from Asia Unbound

Could Burma Be Egypt?

March 09, 2011

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Global Governance

Human Rights

Myanmar

Members of the National League for Democracy (NLD) party shout during a protest outside the house of their leader, Aung San Suu Kyi, in Yangon on November 13, 2010.
Members of the National League for Democracy (NLD) party shout during a protest outside the house of their leader, Aung San Suu Kyi, in Yangon on November 13, 2010. (Soe Zeya Tun/Courtesy Reuters)

In today’s Asia Times, longtime Burma activist Aung Din wonders whether Burma, surely one of the most repressive states in the world, could follow the example of Arab protestors in countries from Egypt to Oman to Libya. The Burmese, after all, have not been shy about standing up before, from the massive 1988 protests that eventually led to a free election in 1990 that was annulled to the “Saffron Revolution” of tens of thousands of monks in Rangoon four years ago. And, as Aung Din notes, there are some similarities between regimes like Egypt and Burma – the nepotism and venality of high levels of the government: In Burma, a video leaked to YouTube showed the wedding of Senior General Than Shwe’s daughter, an almost-royal affair in which she was showered with gifts and wore enough diamonds to shame even Naomi Campbell.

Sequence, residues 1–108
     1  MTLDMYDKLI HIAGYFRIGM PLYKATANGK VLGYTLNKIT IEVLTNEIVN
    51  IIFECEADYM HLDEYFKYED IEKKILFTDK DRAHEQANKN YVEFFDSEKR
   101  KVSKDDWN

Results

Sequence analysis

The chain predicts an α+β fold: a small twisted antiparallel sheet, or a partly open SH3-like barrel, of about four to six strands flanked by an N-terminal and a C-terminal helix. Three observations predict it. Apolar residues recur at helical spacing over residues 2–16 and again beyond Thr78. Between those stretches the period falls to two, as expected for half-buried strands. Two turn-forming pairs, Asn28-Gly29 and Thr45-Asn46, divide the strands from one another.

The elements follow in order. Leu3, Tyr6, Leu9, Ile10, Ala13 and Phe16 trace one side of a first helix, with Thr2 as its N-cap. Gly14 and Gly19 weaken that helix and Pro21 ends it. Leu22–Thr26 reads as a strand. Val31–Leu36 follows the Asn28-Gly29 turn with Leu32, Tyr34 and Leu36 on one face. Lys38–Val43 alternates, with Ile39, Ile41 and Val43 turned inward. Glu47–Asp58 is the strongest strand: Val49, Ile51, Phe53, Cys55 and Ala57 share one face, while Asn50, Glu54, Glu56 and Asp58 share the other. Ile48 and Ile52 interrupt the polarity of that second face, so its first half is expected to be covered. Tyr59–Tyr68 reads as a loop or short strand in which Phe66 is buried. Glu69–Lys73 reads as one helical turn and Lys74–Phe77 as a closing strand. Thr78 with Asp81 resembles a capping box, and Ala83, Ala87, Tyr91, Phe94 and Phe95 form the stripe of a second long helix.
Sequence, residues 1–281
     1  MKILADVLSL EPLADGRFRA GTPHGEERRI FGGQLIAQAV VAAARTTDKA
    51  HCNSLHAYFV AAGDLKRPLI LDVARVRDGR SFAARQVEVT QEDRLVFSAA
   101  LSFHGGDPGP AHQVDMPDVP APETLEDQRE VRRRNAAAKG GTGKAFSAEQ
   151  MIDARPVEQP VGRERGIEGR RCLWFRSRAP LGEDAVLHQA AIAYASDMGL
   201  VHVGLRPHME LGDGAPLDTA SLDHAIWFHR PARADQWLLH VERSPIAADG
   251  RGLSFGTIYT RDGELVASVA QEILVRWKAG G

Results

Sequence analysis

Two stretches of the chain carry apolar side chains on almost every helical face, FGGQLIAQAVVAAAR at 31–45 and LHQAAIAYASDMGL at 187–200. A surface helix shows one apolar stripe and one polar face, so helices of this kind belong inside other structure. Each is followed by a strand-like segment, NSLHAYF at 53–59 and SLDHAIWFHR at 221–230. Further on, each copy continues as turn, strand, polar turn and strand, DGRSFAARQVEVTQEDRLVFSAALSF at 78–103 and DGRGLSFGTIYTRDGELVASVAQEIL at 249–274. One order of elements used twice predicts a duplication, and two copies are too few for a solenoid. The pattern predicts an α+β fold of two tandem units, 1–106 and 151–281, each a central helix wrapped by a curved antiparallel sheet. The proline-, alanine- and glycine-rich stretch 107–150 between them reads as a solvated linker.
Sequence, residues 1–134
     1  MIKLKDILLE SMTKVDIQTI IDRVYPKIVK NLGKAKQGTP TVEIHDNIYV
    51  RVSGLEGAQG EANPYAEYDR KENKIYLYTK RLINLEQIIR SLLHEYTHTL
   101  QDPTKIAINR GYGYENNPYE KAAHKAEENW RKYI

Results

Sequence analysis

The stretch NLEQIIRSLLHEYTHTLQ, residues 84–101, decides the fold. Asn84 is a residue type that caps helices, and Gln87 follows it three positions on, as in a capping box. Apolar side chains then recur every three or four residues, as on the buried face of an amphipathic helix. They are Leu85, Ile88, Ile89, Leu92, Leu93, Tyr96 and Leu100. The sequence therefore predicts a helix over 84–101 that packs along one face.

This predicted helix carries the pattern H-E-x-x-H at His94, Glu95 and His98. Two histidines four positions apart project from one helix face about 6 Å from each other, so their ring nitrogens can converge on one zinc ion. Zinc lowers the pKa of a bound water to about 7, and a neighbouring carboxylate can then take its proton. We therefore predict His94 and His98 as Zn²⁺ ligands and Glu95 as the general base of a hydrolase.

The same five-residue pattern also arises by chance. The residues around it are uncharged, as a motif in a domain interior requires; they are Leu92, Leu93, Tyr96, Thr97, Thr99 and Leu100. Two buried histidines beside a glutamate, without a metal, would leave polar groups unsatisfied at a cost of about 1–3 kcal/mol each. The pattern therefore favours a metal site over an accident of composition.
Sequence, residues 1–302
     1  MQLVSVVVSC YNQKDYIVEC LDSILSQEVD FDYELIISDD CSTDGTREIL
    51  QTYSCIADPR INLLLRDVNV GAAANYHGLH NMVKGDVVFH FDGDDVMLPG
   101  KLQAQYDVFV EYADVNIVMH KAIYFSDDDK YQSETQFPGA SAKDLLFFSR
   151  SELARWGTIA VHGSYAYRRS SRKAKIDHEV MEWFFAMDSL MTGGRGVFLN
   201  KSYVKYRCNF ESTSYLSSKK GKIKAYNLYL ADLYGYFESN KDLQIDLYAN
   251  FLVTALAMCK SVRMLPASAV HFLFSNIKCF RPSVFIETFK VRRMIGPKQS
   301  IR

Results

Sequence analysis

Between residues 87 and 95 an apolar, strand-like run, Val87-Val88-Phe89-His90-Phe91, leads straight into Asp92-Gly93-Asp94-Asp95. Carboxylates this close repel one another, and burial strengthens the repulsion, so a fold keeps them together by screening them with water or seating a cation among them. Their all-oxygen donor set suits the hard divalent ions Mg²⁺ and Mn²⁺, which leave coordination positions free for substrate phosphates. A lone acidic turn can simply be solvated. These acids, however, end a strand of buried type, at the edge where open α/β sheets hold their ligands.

But, though I wish otherwise, I don’t think Burma is going to follow Egypt any time soon. For one, the Burmese military, unlike the Egyptian one (but similar to Muammar Gadaffi’s loyal forces) has proven, time and again, willing to gun down its own people to maintain the regime’s control. Whether in 1988, or 2007, or many times before, Burmese soldiers have followed orders, and the top levels of the regime did not split, providing an opportunity for pro-democracy protestors to take advantage.

In addition, though cellphones and social media have begun to spread in Burma, their coverage within the country is miniscule compared to most Arab nations. The price of cellphones in Burma is still kept staggeringly high by the regime, to limit their spread, and the Internet is much more tightly controlled than in most Arab-Muslim nations. Though some activists did use cellphone cameras and the Internet to get photos of the Saffron Revolution out to the world, it is doubtful that they could be used as a device to foment mass protest within Burma.

Finally, despite their seeming xenophoboia and isolation, the Burmese generals have learned to play the international community very well. Using the backing of China, they have pushed the U.S. to reconsider its relationship with the country–and likely will offer the world little payoff for new engagement. A Burmese spring, alas, seems far off.

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